What to Do

Before the Interview

Know yourself

  • What strengths, skills and accomplishments do you want to emphasize?
  • Know your personal strengths. Why does the employer need your expertise? What contribution can you make to the organization?

Research the organization

  • Find out pertinent and useful information about the company such products and services, structure, size, outlook, etc.
  • Find out as much about the job as possible, for example, how the position fits into the overall structure of the company, desired qualifications, responsibilities, salary range, etc.

Practice your interview skills

  • Use the free Interview Stream tool to practice before your real interview.
  • Schedule an appointment with a Career Coach to practice your answers in a mock interview and get immediate feedback.[link]

Arrive early

  • Arrive 15 minutes early. If the interview is far away, or in a location you don't know well, plan to arrive 30 minutes early as a buffer in case you get lost.
  • Bring resumes and examples of past performance (for example, the brochure of a program you managed)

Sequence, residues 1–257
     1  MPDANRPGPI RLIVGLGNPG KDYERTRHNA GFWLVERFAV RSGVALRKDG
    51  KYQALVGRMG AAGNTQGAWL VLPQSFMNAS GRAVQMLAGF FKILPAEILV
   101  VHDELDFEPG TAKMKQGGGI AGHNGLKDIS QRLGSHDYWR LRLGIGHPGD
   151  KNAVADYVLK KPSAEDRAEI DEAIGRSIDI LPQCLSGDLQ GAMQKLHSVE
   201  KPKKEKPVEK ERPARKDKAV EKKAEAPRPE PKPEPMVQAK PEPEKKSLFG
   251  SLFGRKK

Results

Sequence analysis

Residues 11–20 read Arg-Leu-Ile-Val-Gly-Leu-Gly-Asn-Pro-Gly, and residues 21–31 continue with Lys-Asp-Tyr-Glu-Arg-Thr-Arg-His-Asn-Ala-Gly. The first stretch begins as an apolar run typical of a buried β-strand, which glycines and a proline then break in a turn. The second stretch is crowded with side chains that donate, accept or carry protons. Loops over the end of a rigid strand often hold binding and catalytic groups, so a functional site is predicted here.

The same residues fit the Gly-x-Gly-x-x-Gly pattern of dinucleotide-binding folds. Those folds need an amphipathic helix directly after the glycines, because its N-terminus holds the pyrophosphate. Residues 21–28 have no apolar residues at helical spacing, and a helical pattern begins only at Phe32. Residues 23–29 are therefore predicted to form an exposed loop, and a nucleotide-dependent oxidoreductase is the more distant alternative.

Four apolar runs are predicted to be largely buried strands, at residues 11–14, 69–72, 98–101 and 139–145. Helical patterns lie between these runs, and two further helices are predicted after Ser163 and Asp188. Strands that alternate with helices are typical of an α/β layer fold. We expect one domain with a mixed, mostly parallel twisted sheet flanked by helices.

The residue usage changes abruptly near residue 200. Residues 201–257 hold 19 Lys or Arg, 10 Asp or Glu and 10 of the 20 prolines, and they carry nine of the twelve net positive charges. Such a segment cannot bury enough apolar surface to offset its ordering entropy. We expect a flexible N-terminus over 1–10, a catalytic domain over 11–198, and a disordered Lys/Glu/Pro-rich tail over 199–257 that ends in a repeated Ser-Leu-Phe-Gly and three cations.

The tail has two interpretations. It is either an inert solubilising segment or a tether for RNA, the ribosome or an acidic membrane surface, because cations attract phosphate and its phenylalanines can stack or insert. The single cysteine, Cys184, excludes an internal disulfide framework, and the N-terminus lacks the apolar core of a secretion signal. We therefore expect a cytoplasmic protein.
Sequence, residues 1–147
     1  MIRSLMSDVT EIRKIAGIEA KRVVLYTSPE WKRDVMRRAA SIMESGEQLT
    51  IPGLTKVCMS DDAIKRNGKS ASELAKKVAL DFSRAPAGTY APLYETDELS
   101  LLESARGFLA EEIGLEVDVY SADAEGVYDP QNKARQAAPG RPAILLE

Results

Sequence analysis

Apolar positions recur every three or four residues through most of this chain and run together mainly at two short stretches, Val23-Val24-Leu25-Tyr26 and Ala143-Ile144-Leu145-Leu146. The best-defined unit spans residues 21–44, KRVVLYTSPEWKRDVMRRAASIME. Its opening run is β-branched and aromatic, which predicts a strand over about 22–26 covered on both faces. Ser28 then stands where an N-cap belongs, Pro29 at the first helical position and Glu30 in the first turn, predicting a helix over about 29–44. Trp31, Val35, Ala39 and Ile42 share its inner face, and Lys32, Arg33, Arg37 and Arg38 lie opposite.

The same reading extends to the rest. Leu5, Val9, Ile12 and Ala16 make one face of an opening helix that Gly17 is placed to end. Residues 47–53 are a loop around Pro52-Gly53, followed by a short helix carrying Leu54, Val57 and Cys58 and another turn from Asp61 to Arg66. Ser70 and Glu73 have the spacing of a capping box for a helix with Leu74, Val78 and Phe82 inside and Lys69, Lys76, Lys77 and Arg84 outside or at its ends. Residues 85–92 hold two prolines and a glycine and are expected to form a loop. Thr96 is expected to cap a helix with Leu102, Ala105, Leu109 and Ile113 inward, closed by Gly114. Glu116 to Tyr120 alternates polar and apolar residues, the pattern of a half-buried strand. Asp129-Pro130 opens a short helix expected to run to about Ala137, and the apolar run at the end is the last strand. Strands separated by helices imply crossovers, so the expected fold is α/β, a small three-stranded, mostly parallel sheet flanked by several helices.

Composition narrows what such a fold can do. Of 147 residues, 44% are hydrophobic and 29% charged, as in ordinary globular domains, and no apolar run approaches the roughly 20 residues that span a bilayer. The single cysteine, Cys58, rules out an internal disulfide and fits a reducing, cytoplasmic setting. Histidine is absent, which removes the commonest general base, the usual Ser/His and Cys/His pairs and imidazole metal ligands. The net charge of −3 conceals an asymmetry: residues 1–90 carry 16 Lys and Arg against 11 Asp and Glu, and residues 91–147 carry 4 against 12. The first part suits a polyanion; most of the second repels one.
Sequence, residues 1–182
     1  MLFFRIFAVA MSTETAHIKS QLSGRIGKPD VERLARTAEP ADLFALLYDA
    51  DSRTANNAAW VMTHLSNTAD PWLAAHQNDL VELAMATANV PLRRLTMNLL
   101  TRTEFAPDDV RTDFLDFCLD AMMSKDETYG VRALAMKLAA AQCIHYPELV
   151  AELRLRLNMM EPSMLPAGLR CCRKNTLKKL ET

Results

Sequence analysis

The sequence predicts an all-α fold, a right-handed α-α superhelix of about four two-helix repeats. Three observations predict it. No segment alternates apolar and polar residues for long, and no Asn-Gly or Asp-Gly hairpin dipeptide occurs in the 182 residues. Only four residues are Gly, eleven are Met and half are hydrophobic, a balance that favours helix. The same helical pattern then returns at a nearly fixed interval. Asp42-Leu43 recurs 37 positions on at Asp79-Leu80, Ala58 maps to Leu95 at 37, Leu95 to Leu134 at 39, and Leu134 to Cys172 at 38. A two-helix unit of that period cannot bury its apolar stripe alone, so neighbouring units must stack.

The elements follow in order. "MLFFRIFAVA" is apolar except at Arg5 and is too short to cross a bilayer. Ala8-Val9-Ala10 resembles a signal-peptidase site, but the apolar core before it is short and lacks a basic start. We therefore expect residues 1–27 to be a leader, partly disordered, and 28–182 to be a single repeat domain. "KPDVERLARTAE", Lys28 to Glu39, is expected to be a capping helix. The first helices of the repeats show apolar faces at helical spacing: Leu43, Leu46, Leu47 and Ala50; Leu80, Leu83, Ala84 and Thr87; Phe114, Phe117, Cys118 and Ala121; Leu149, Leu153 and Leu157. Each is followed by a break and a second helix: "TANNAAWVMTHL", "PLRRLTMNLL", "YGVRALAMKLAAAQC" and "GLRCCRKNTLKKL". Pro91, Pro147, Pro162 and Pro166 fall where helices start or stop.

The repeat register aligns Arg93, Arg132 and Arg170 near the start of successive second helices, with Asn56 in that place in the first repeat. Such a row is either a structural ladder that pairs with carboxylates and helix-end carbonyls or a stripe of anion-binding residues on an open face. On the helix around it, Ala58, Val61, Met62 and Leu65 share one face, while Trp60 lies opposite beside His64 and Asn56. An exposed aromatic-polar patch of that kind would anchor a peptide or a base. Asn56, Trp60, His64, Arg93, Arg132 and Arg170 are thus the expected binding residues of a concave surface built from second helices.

At the Interview

Use body language

  • Offer a firm handshake at the beginning and end of the interview.
  • Maintain good eye contact.
  • Smile and show enthusiasm.


Before answering a question, determine what the interviewer is asking. If the questions is unclear, ask for clarification.

Answer questions

  • The key to answering interview questions well is to relate work experience, educational training, and personal strengths to the particular job that you are applying for.
  • Use the S.T.A.R. (Situation, Task, Action, Result) method to convey your skills, abilities, strengths, and achievements effectively.

Ask questions

  • Ask questions to show that you have researched the organization and want to learn more about it.
  • Your questions influence the employer's perception of you.
  • In a first interview, do not ask about salary, benefits, or hours.

After the Interview

Follow up with a formal, brief thank you card or email.  It reminds the employer of your abilities and qualifications and may distinguish you from candidates who do not send a thank-you.